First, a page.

This locomotive was built in 1943, to a Hunslet Engine Company design, by Robert Stephenson & Hawthorn for the Ministry of Defence. It then entered service as WD5062 which was later changed to 75062.
See LNER class J94 for details.
Where the locomotive went for its first few months is shrouded in the fog of war.
In November 1943 it was put into store on the Melbourne Military Railway (MMR) in Derbyshire and moved to further storage with the War Department at Shoeburyness in Essex in January 1944. It then returned to the MMR in September 1944.
The MMR ran from Derby to Ashby de la Zouch. It was used by the British Army and Allied engineers during the Second World War from 1939 until late 1944 to prepare them for the invasion of mainland Europe. Engineers practised the demolition and rebuilding of railways and the running and maintenance of a railway line and its rolling stock.
In May 1946 it was loaned to the Ministry of Fuel and Power (MoF&P) and employed at the Swannington opencast disposal point, near Coalville in Leicestershire.
Following repairs at the LMS Railway workshops in Derby, it moved to the MoF&P Bennerley disposal point in Nottinghamshire in February 1947. It was not there long as in April 1947 it was transferred transferred to the MoF&P Blue Bell disposal point at Backworth in Northumberland. There was a locomotive shed there, but it was repaired and maintained at the NCB Backworth locomotive sheds. By this time it was carrying the number 75062 and painted in lined black livery.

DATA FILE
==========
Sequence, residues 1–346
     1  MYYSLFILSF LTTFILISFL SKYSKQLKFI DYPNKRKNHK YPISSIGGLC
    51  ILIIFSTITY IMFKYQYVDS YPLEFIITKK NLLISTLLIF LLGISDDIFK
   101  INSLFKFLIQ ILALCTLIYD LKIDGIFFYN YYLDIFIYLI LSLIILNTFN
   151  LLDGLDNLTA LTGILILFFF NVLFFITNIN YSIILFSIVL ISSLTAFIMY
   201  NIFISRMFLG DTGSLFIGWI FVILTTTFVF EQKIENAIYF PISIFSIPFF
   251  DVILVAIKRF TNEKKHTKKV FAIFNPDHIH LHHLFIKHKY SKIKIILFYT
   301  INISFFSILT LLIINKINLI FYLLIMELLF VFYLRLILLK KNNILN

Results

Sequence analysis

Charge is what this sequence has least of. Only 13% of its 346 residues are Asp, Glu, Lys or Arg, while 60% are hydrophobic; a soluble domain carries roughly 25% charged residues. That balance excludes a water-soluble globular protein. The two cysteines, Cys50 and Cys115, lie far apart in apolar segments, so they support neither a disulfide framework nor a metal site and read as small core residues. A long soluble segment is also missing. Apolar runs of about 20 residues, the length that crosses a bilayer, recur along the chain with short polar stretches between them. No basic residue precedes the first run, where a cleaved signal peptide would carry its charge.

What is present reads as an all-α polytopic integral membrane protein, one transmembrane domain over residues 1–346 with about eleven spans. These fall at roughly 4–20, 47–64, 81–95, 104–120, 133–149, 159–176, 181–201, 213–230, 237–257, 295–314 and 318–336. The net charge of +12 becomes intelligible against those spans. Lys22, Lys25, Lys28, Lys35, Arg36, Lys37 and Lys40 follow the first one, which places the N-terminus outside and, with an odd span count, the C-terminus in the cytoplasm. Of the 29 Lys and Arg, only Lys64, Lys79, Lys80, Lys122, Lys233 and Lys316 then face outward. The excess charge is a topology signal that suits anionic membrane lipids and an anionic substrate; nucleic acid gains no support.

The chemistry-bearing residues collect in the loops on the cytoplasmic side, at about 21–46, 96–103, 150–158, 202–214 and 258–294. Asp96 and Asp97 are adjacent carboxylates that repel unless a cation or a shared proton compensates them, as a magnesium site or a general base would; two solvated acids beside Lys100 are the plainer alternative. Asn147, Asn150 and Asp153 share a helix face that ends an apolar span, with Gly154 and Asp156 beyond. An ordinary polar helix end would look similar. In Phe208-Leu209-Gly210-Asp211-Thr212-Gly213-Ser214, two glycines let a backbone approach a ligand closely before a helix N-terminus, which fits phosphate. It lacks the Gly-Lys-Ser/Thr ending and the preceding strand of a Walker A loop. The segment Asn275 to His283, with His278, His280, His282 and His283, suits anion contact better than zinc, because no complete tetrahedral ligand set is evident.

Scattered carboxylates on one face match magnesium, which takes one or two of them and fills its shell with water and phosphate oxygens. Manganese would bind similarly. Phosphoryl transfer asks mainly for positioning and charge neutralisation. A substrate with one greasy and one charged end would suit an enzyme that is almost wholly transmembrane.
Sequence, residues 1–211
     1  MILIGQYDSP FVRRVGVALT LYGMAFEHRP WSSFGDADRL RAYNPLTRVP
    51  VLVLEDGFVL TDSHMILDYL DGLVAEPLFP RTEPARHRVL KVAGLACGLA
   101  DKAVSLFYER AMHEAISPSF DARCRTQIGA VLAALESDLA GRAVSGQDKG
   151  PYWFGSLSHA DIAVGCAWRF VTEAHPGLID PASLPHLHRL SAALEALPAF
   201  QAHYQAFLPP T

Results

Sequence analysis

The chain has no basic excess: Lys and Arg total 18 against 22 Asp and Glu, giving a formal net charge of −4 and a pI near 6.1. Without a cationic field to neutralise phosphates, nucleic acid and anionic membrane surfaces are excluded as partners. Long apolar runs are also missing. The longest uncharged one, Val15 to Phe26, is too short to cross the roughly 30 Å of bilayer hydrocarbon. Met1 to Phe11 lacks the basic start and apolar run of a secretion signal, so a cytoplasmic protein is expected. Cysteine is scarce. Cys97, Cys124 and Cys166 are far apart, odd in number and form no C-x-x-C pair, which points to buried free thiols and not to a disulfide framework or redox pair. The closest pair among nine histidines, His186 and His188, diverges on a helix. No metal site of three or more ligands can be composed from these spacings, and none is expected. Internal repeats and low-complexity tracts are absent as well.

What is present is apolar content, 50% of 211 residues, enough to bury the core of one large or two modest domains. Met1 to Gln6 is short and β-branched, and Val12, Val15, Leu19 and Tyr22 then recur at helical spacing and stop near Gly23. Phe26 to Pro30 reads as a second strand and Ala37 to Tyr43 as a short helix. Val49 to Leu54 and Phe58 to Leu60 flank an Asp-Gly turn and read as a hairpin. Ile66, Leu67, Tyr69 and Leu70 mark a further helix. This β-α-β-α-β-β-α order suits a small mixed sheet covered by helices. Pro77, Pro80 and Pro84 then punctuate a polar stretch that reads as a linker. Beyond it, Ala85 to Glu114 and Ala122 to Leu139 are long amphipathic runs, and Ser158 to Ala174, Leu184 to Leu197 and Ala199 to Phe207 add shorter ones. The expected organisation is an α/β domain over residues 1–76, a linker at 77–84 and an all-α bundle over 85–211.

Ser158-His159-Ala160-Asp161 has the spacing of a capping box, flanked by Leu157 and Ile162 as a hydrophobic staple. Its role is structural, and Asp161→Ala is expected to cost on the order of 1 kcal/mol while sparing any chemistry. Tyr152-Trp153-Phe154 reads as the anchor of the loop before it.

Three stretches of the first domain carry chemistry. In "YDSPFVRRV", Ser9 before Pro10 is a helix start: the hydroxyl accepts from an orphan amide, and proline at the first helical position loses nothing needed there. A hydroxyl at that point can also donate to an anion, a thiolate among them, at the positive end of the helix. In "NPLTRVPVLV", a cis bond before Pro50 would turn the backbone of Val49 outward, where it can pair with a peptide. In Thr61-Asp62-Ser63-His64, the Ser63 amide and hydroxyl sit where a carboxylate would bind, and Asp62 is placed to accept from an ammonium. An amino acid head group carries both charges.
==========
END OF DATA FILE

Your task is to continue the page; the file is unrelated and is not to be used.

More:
In April 1952 the ownership of the locomotive changed to the National Coal Board (NCB) Opencast Executive.
In December 1959 the NCB bought it and moved it permanently to Backworth sheds, where it became No 49 and its livery to lined green.
As it worked over British Railways lines, it was registered by the Railway Inspectorate and later by the British Transport Commission and regularly inspected. It also acquired NCB plant number 9103/49, which is painted on its frames. No 49 was used on the run down to Whitehill Point Staiths on the River Tyne, which closed in 1969 and to Burradon and Weetslade, as well as being the regular Fenwick Pit pilot for many years.
The Burradon system had the locomotive on loan from July to November 1973 and April to July 1974, but it was not looked after and returned without having its boiler ever washed out. It returned to Burradon shed in January 1976 for storage.
In March 1976 the locomotive was purchased through the Stephenson and Hawthorn Locomotive Trust and moved back to Backworth for further storage in February 1977. In June 1980 it was moved to the Tanfield Railway at Marley Hill.
Following a comprehensive overhaul the locomotive was returned to steam on the Tanfield Railway although it was loaned out to other heritage railways and the National Railway Museum.
It was withdrawn from traffic in September 2011 for a ten year overhaul.
The locomotive is currently being overhauled t the Tanfield Railway.
In March 2018 the locomotive passed its steam test at the works of Israel Newton & Sons in Derbyshire.
The locomotive was officially returned to traffic in August 2018.